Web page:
It’s a typical weekend scene for any of-age college student, like twenty-two-year-old Danielle Lewald who checks out each brand of booze before leaving with a brown-bagged bottle. But the Elon senior has no idea what politics lie behind the shelves of liquor.
North Carolina is one of eighteen states in the country that controls its liquor sales.
But the state may be missing out on a big budget boost from booze. And now the state is making its first big steps towards change in the alcohol business.
Alcohol Beverage Control stores, or A-B-Cs, are run under the same system put in place right after the Prohibition era. A report from the state General Assembly says it may just be time for an update and that could mean a hand off from government control to private ownership.
Haywood Simpson has been chairman of the local a-b-c board for the last decade. He controls Alamance County’s four stores and insists the current state-run system can work.
“The system is fine if we clean up the ones who don’t know how to operate one and give them some guidance,” Simpson said.
Scandals in Mecklenburg and New Hanover counties have the state questioning board member ethics. Four boards across the state actually lost money selling liquor back in 2007. And putting the liquor industry into private hands could fix these problems.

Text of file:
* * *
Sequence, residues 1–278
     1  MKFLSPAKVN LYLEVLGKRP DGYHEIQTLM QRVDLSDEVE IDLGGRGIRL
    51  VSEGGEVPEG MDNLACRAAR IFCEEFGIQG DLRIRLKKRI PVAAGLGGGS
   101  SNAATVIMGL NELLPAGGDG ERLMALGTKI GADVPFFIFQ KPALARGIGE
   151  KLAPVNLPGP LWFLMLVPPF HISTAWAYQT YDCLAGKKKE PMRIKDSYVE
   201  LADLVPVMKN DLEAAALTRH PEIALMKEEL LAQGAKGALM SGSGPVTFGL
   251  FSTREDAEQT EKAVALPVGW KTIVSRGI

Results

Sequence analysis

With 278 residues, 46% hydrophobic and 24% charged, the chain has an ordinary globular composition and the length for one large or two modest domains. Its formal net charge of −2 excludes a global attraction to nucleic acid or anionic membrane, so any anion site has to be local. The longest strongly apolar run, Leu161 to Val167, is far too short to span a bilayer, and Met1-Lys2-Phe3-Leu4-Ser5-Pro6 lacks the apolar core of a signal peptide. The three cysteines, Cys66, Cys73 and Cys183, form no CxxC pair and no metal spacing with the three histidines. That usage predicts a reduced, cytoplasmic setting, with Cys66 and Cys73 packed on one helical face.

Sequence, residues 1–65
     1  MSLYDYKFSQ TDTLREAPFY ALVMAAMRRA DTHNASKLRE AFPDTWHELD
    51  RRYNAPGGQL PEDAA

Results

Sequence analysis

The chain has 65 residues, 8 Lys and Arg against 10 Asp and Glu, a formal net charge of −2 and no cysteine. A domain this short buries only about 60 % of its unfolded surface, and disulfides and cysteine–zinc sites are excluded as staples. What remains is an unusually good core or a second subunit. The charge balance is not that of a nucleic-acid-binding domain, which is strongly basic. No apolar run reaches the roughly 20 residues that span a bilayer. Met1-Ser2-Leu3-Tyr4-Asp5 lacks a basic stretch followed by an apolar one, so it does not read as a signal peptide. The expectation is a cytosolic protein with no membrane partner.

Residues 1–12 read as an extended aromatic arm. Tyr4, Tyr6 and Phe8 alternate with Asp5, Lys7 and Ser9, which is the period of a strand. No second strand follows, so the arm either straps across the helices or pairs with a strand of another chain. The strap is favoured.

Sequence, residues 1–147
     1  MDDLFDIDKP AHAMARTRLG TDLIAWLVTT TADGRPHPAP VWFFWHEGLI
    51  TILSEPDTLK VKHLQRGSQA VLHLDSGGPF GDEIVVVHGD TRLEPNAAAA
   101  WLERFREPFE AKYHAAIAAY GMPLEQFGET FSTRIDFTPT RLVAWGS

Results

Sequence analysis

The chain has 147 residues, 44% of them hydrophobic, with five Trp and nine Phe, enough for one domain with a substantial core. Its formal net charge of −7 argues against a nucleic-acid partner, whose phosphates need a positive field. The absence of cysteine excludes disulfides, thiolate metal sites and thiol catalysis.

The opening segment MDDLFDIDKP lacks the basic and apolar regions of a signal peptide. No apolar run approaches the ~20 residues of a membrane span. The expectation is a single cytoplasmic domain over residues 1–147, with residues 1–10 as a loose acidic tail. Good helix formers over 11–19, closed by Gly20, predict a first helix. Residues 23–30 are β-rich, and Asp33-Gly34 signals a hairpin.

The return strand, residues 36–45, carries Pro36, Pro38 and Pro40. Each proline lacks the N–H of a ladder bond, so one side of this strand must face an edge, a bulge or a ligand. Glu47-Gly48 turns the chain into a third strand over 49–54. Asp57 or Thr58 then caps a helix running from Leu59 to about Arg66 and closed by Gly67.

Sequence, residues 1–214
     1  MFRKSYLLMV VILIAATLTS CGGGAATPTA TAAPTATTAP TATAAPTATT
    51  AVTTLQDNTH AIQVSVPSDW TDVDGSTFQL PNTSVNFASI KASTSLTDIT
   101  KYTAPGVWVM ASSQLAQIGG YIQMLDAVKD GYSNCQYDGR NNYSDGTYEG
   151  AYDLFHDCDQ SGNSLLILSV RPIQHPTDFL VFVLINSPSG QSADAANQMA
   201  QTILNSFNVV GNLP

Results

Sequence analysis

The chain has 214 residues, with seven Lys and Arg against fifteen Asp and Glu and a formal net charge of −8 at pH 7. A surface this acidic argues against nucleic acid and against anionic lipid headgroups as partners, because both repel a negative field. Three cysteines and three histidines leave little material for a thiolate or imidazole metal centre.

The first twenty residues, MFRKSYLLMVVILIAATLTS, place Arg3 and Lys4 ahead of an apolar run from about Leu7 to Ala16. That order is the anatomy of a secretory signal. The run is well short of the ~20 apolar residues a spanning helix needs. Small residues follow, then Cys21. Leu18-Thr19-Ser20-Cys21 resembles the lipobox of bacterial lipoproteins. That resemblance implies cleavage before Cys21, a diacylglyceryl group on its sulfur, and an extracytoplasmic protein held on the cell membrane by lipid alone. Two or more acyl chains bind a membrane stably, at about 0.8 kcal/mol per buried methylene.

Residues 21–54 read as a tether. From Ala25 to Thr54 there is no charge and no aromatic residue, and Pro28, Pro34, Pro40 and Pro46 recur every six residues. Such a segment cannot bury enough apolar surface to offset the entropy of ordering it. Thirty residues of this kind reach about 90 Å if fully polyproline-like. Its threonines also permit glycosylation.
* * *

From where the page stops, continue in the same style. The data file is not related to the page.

According to the state, ABC stores generate almost $700 million in revenue each year. If the stores were sold to private owners, the government could make even more money. Now, they’re just trying to figure out if that sale is worth it.
“I’m not sure what my recommendation will be.” Governor Bev Perdue told Phoenix14 News in an exclusive interview.
Governor Perdue wrote to state senators with an entire section on privatization. In it, she called for a valuation firm to assess how much the stores are actually worth and whether privatizing the alcohol business is the right decision for her government and consumers.
“I promise to hold local committees unharmed from the loss of the revenue,” Perdue said.
For Haywood, it’s as simple as A… B… C.
“You’re going to lose the C in ABC which is control,” Haywood said, “and I don’t think that’s the way to go at it.”
According to Governor Perdue’s letter, North Carolina will remain a control state in some capacity. Full privatization with licensing is the one extreme. The other is state control which means ownership could be shifted from local boards to the state government. And there are many partial privatization options in between. The amount of control will probably depend a lot on what the Valuation Research Corporation finds out about the value of ABC stores, and there has been no word as to when those investigations could end.
Check out the “Privatize NC Liquor Stores” Facebook page.
- Dannika Lewis